Training Maintenance Staff Properly

It’s essential to ensure that all maintenance staff and contractors have the appropriate tactical skills and technical training before entering GMP areas. A complete approach to maintenance performance improvement includes looking at all labor and resources dedicated to maintenance, your MMOS (Maintenance Management Operating System), CMMS (Computerized Maintenance Management System), and more. If you do not have an MMOS or CMMS, it’s crucial to at least begin documenting all maintenance activities required for your business. Describe the who, what, when, and how of your company’s maintenance activities. And finally, be sure to consider the maintenance requirements when purchasing equipment. For many companies, maintenance is often the last thing considered when purchasing new equipment, but it should be given weight considering its impact on OEE (Overall Equipment Effectiveness), ROA (Return on Assets), reliability, quality, and uptime.

POWERS AMP (Advanced Maintenance Performance)

Transforming manufacturing operational performance requires analyzing the systems, processes, and behaviors woven into the fabric of an organization, from inputs to outputs, from the top floor to the shop floor. One area that should be on every organization’s radar for improvement is maintenance performance or MRO (Maintenance, Repair, and Operations). No other area of your operation can take such a big bite out of the bottom line. That’s why POWERS has launched a new end-to-end solution for maintenance performance improvement.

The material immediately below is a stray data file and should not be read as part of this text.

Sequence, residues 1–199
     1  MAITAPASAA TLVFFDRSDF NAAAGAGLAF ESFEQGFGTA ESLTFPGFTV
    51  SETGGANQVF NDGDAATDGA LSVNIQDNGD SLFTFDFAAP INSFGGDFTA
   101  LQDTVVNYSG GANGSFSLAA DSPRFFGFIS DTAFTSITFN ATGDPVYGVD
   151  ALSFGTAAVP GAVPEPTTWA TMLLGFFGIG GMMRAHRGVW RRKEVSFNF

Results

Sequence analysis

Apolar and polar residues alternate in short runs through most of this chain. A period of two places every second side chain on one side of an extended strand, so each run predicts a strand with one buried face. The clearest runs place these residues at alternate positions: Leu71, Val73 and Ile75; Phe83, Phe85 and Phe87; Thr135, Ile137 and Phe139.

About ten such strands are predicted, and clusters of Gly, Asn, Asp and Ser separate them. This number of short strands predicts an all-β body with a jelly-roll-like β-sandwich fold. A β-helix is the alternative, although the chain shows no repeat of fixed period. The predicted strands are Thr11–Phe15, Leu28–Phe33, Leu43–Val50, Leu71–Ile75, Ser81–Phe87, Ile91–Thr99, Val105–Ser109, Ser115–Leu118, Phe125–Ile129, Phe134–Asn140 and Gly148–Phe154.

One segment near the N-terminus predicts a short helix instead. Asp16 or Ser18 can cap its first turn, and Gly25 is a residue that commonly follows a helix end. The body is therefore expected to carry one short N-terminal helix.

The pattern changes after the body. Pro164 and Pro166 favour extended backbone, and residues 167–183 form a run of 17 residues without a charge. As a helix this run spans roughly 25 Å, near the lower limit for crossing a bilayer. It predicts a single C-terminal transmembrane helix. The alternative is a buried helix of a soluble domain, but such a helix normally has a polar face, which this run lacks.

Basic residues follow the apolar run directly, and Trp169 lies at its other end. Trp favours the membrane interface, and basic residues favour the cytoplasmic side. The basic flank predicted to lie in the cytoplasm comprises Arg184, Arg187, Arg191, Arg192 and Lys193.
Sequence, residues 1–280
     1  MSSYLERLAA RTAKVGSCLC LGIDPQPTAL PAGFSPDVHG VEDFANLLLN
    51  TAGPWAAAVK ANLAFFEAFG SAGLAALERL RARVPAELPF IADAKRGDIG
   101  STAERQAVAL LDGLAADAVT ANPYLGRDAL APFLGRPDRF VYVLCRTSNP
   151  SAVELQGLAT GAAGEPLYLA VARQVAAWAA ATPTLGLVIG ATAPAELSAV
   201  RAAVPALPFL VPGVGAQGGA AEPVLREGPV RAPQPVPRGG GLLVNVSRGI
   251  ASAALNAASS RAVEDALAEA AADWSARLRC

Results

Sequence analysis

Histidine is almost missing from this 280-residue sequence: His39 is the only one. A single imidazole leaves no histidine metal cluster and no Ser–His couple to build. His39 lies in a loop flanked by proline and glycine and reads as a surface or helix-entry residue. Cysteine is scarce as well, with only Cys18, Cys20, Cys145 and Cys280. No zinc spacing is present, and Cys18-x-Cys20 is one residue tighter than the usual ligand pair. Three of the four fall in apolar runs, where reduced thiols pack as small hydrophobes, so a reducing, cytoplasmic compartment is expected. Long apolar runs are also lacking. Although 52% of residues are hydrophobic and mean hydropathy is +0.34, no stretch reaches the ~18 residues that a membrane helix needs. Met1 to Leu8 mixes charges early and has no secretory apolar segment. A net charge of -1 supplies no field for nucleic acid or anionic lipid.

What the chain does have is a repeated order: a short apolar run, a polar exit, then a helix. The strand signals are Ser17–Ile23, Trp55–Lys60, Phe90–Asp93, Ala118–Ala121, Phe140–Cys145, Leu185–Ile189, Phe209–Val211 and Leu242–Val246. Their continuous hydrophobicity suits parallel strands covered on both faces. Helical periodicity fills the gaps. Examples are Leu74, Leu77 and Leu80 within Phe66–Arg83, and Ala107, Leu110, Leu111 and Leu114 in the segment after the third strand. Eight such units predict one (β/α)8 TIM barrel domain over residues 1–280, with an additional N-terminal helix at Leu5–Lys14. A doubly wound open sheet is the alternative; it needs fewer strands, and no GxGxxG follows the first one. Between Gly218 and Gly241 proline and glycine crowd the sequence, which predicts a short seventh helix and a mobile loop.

Our AMP (Advanced Maintenance Performance) Program improves both the tactical and technical aspects of maintenance in your operation. On the tactical side, we focus on improving your strategic approach to maintenance and your Maintenance Management Operating System: how you manage the people and resources devoted to maintaining your assets and equipment.

We also focus on the technical aspects of maintenance and provide hands-on training in Maintenance Fundamentals, Mechanical Concepts, Electrical Power, and Electrical Control. Nearly 60% of the current manufacturing maintenance workforce does not possess the skills and training necessary to keep the assets and equipment functioning at optimum levels. Improving your maintenance team’s skills unlocks OEE (Overall Equipment Effectiveness) bottlenecks in uptime, throughput, capacity, quality, and more.

The POWERS Difference

At POWERS, we focus on Leadership Engagement and Development to transform operational performance and prepare your leaders for the future. We help you build a performance culture that operates at peak levels to lower costs, increase productivity, build agility, and sustain that performance over the long haul.

Our team has helped executive leadership across many industries operationalize their culture for rapid and sustained performance improvement, increased competitive advantage, greater value, and a stronger bottom line.

Find out about our new AMP (Advanced Maintenance Performance) Program and put experienced team and proven track record to work for you. Schedule an initial discovery and analysis by calling +1 678-971-4711, or emailing us at info@thepowerscompany.com.

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About the Author

Sean Hart

CEO, Managing Partner

Sean Hart is an industrial engineer with a background in manufacturing supervision and project management. Sean’s background is in improving overall plant efficiencies and implementing Lean techniques to improve processes.